Charting libraries used to provide a number of graph types, along with a massive list of options. Then, each time someone had a new requirement, an option would have to be added and supported. D3 took a different approach; rather than provide full components, it gave you data-driven helper functions to create those components yourself. That makes D3 more flexible than most other libraries, and able to create visualizations of just about any data set you might encounter. That can be daunting to most people, as most of us are only familiar with the standard bar, line, and pie charts. Well, prepare to have your mind blown, as we explore the world of charts, using D3 as our guide.
An Evolution Chart is one that shows the progress of data over some quantifiable interval—usually time. Common charts in this category include Line, Area, Stacked area, and Streamchart.
Here’s an example of an area chart, shown in Figure 1. It’s really similar to a line chart and represents the evolution of a numeric variable.
Figure 1: An area chart
Ranking charts are used to display and compare the number, frequency, or other measure (e.g. mean) for different categories or groups. This graph is constructed in such a way that the heights or lengths of the different chart sections are proportional to the size of the category they represent. Common charts in this category include Bar, Spider/Radar, Wordcloud, Parallel, Lollipop, and Circular Barplot.
The circular barplot (see Figure 2) is a variation of the well known barplot. It is very adapted for cyclical data where groups do not share the same Y axis.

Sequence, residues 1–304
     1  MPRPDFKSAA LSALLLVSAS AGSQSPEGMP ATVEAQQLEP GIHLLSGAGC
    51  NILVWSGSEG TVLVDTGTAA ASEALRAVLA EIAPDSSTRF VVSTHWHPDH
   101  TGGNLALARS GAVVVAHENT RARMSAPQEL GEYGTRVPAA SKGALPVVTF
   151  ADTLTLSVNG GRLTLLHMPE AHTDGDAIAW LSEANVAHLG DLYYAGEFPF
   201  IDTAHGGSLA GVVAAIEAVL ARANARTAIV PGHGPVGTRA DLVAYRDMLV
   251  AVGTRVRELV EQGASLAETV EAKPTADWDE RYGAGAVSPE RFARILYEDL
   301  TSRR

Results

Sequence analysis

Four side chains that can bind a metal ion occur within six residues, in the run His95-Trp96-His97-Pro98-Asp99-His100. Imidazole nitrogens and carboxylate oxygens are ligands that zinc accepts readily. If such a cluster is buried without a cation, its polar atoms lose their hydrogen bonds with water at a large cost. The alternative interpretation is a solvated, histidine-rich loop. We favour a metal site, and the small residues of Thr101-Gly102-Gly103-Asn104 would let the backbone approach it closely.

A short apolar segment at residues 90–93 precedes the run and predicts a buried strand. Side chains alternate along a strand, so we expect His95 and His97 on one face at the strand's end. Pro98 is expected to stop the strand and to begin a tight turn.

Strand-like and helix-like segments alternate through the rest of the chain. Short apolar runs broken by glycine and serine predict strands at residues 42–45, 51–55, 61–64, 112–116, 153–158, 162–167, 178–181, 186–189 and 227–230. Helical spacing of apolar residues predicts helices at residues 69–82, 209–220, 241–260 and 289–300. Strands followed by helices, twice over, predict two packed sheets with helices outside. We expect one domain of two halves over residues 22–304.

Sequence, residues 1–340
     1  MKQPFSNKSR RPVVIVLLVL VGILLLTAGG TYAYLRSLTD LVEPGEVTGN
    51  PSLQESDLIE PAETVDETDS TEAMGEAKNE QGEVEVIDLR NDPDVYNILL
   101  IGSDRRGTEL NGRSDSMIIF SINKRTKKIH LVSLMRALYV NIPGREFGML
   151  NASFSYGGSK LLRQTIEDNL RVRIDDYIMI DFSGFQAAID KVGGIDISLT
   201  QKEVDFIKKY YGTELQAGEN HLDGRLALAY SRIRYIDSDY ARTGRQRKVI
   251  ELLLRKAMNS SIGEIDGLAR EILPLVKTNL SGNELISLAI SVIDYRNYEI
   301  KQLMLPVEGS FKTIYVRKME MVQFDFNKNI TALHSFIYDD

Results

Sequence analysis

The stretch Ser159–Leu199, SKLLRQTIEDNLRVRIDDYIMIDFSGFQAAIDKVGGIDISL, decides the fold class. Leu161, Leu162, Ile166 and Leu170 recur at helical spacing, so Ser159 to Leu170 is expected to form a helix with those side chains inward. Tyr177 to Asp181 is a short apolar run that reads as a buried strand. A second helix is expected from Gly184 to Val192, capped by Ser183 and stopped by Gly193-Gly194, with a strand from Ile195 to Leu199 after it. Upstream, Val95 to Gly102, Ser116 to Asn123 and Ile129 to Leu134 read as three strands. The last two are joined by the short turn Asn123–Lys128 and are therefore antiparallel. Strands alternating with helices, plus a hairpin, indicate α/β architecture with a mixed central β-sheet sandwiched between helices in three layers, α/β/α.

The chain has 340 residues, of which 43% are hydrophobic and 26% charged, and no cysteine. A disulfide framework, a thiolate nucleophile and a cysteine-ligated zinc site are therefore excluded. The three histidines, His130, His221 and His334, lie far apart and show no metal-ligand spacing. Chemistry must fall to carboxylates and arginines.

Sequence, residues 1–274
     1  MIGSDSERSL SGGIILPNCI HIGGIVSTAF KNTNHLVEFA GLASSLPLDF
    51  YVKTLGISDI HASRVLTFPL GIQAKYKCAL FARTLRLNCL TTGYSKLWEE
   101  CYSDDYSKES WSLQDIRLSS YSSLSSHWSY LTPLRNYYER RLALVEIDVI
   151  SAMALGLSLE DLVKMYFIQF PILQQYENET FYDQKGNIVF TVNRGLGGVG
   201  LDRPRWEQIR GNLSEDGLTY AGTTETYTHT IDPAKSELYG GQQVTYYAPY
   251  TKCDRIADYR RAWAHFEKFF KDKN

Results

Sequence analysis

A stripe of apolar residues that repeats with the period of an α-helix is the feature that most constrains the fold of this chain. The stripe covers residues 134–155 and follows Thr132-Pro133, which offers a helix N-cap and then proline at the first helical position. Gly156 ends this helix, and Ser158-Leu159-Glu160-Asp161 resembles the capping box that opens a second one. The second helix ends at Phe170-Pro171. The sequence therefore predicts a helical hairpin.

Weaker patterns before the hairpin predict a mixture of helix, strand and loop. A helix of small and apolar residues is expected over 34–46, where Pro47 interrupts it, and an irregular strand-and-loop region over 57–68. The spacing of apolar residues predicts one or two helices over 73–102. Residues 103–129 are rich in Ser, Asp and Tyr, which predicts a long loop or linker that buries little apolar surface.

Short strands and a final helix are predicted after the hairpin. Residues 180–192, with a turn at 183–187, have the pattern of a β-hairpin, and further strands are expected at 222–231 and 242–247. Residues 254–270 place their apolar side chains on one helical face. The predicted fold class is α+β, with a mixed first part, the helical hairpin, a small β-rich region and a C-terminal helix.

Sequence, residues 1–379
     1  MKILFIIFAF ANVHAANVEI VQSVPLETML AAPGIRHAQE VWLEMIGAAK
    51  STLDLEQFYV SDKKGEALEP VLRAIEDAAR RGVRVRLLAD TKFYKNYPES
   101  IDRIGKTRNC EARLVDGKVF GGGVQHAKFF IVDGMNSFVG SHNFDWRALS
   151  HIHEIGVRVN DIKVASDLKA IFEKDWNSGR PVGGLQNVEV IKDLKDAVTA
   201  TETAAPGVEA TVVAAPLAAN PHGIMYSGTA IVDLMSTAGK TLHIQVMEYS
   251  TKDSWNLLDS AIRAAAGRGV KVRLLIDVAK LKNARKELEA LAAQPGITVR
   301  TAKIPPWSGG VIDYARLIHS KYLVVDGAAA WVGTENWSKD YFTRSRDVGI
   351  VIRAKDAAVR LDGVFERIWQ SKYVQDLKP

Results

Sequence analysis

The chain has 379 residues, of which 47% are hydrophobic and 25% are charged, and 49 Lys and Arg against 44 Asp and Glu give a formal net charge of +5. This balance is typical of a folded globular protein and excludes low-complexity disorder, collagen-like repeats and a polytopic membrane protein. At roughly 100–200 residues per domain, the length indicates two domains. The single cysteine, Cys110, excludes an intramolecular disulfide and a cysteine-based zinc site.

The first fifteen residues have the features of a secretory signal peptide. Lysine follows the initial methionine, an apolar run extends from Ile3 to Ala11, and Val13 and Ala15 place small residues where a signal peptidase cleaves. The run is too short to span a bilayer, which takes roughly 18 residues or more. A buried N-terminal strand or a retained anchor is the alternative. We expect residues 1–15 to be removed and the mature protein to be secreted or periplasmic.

Figure 2: A circular barplot
Distribution charts help you to understand outliers, the normal tendency, and the range of information in your values. Common charts in this category include Scatter, Heatmap, Correlogram, Bubble, Connected scatter, and Density.
A bubble plot is a scatter plot with a third numeric variable mapped to circle size. This is demonstrated in Figure 3.
Figure 3: A bubble plot
Distribution charts are used to see how quantitative values are distributed along an axis from lowest to highest. Distributions charts allow users to identify characteristics such as the range of values, central tendency, shape, and outliers. Common charts in this category include Violin, Density, Histogram, Boxplot, and Ridgeline.
Sometimes called joyplot, this kind of chart allows to visualize the distribution of several numeric variables, as stated in data-to-viz.com (see Figure 4).
Figure 4: A distribution chart
Part of a Whole
Part of a whole charts are those that show the relationship of parts to the whole or highlight proportions. These charts compare the proportional contributions within a category, showing the relative value that each data series contributes to the total. Common charts in this category include Treemap, Doughnut, Pie chart, Dendrogram, and Circular packing.
A Treemap (see Figure 5) displays hierarchical data as a set of nested rectangles. Each group is represented by a rectangle, whose area is proportional to its value.
Figure 5: A treemap
Although there is a map chart, it’s part of the larger Map chart type, which contains a number of charts that can represent geographic data. These include Map, Choropleth, Hexbin map, Cartogram, Connection, and Bubble map.
A hexbin map, shown in Figure 6, refers to two different concepts. It can be based on a geospatial object where all regions of the map are represented as hexagons, or it can refer to a 2d density technique that represents the combined distribution of two quantitative variables.
Figure 6: A hexbin map
You may have heard of a flowchart. That’s a type of diagram that represents an algorithm, workflow, or process. Flow charts also can be defined as a diagramatic representation of an algorithm (step by step approach to solve a task). These include Chord diagram, Network, Sankey, Arc diagram, and Edge bundling.
Some flow charts, like the chord diagram portrayed in Figure 7, is a graphical method of displaying the inter-relationships among data in a matrix. The data are arranged radially around a circle with the relationships between the data points typically drawn as arcs connecting the data.
Figure 7: A guitar chord diagram
There’s a whole world of chart types to discover out there! If you want to find out more about the types covered in today’s article, visit the D3.js Graph Gallery.